Your Guide to Camo and Non-Camo Options – Jackie Holbrook

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Most hunters aren’t making a fashion statement when they walk into the field. In fact, they’re looking to go unnoticed by their quarry. A hunter’s wardrobe is surprisingly personal. Some people shell out more cash on one layering system than on their entire wardrobe for work. Other hunters piece together whatever’s on sale and in the closet

Hunters have vastly differing and passionate opinions on what clothing creates success. While camouflage is synonymous with hunting, every year people fill their tags wearing flannel and blue jeans. However, most hunters choose at least one piece in the following options: traditional camo, digital camo and solid colors.   

Traditional Camouflage 

Camouflage clothing is rooted in military operations. The military developed camo to help soldiers blend in with the landscape by creating patterns that mimicked the background. Hunters quickly adopted the idea to help them hide from their prey. Thus, traditional camo was born. 

Traditional camouflage patterns mimic popular hunting landscapes and vegetation like forests, marshes and mountains. Looking closely at these patterns you can see the natural elements in them like grass, rocks, leaves and branches. Most patterns have shading that gives a realistic 3D look and depth of field. The most popular color schemes include tan, gray, brown and black. If you’re familiar with camo and trying to picture what traditional camo looks like, Realtree and Mossy Oak are the two most popular brands. 

There are a lot of traditional camo patterns on the market designed for every possible hunting scenario. There are designs for spot-and-stalk hunting the high plains and ones for sitting in treestands in the Midwest. There’s white, snow camo that’s popular among predator hunters who are usually hunting in the winter. There’s even blaze orange camo because many state agencies require hunters to wear a certain amount of blaze orange in the field and hunters want the solid orange broken up. 

Digital Camouflage 

To the untrained eye, camo is camo. However, a closer look reveals there are actually two distinct types of camo. Digital camouflage was developed more recently than traditional camo. That’s why it’s often referred to as modern camo. Digital camo is currently what members of the military wear. 

When you look closely at digital camo you won’t see elements of nature. Instead, digital camo is a pattern of pixelated graphics. Digital camo is meant to blur the body’s outline, so it blends in with the landscape, effectively hiding the hunter from their game. Fans of digital camo say it hides a hunter’s movement more effectively than traditional patterns.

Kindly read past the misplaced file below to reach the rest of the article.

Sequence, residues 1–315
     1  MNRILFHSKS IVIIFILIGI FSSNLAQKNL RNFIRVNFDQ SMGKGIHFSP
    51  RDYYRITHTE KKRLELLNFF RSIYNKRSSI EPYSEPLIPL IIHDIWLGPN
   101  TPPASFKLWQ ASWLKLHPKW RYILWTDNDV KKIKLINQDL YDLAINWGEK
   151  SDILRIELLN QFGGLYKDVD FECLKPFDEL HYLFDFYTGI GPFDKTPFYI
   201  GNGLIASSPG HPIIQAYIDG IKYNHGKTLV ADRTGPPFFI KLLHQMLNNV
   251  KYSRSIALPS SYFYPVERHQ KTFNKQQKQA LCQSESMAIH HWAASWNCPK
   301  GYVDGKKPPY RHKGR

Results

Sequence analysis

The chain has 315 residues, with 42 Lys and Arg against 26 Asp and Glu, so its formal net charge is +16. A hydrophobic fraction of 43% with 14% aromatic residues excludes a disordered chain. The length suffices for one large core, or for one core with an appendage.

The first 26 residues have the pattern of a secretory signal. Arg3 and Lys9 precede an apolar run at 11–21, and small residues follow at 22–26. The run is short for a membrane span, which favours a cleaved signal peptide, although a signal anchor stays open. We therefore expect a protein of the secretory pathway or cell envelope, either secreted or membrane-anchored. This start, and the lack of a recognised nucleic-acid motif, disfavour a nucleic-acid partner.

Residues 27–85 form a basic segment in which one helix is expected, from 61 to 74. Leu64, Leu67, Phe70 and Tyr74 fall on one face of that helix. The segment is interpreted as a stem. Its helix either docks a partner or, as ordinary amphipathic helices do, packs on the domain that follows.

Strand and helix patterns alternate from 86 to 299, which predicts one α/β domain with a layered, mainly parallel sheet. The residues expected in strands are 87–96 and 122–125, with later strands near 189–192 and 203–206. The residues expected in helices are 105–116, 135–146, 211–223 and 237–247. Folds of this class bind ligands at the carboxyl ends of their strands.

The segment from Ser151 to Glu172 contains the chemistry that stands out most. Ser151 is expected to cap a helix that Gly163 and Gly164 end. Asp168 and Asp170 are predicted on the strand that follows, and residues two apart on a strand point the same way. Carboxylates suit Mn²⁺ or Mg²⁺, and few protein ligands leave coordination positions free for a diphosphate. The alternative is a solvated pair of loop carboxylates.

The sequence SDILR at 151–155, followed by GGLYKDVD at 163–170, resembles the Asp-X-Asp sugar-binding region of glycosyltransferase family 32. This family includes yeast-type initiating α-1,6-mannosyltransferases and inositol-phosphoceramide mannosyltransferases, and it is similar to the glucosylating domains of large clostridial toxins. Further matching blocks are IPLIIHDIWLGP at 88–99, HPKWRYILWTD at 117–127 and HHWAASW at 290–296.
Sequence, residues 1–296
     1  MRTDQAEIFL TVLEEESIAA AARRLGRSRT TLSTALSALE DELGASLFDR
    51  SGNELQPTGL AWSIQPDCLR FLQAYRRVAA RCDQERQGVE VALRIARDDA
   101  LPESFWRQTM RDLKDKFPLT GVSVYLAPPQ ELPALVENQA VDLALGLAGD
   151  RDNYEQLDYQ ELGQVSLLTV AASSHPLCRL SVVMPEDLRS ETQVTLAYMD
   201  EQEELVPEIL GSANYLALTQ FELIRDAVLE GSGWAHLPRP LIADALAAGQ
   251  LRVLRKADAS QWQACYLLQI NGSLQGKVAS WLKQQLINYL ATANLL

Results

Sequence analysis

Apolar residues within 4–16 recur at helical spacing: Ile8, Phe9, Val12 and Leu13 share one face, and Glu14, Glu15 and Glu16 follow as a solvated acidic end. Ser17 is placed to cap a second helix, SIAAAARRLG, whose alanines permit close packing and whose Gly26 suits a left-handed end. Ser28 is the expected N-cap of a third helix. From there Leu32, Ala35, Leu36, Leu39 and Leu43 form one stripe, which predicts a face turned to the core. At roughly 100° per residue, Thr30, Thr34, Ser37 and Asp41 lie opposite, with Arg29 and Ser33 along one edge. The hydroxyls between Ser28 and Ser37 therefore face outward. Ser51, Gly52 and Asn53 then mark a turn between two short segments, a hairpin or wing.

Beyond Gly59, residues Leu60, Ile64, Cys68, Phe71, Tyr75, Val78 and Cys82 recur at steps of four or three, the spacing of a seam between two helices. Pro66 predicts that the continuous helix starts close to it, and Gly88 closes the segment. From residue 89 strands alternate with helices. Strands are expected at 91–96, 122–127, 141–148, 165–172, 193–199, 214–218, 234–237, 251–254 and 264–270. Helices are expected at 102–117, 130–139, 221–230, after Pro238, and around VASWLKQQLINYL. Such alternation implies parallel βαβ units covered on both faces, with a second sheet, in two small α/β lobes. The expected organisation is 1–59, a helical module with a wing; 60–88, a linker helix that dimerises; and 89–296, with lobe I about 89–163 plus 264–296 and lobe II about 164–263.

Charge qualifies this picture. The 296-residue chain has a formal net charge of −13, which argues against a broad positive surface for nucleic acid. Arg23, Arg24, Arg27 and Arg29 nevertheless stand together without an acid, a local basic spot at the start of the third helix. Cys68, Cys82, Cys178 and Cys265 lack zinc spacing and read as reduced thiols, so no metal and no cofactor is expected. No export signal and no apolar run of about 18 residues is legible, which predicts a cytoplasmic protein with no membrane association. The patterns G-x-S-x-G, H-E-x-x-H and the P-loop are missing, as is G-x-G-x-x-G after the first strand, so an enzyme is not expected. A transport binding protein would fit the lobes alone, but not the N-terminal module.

Digital camo patterns use a similar color scheme to traditional camo including tan, gray, brown and black. Like traditional camo, companies have developed different digital patterns for different terrain. If you’re trying to picture what digital camo looks, two of the most popular companies that use digital patterns are Sitka and KUIU

Solid Colors 

Solid colors are also an option, and a good one. Some hunting apparel companies don’t even sell camo clothing, instead opting for neutral tones like tan, gray and green. Some experienced hunters will swear that wearing a variety of solid colors to break up the human form is just as effective as camo. This is more prevalent amongst rifle hunters who don’t have to get as close to their quarry, but it can also work for bowhunters.  

Some groups of hunters are known for their solid choices. Upland bird hunters usually wear solids, as do hunters in Africa and Europe. Wearing solids has benefits outside the field too. There are usually licensing fees associated with camo patterns, which can make camo clothing and accessories more expensive than solids.

Wearing solid colors also allows you to repurpose your hunting wardrobe. You can use your favorite pair of gray hiking pants and purchase a tan jacket that can be used for hunting and fishing. (Learn more about how to multipurpose your clothing and how it saves money in “Your Guide to Buying Hunting Gear on a Budget.”)  

Not every solid color will work. Don’t dress head-to-toe in the same color, or your human form will be easy to spot. Black and white are also colors to avoid. Reflective clothing is a big no-no, so take a look at any logos. And research has shown that ungulates like deer can see shades of blue.  

The fashion options are endless for hunters. For every diehard camo enthusiast, you’ll find a hunter who swears by solids. Ultimately hunters need to dress to breakup up their outline, blend in and stay silent. The only article of clothing that might be a must-have is blaze orange, if it’s required for the area and season. Don’t stress too much about what to wear. Scent, sound and movement will probably give you away before whatever you’re wearing, so just be sure you’re comfortable and confident in your choice.

Picture of Jackie Holbrook

Jackie Holbrook

Jackie Holbrook has been writing about hunting and fishing for close to 20 years. She spent six years as a TV news reporter in Montana and Alaska, covering the controversial complexities of fish and wildlife management. Today, Jackie uses her voice to provide hunters with the information they need to improve their skills and encourage new outdoorsmen and women to go afield.

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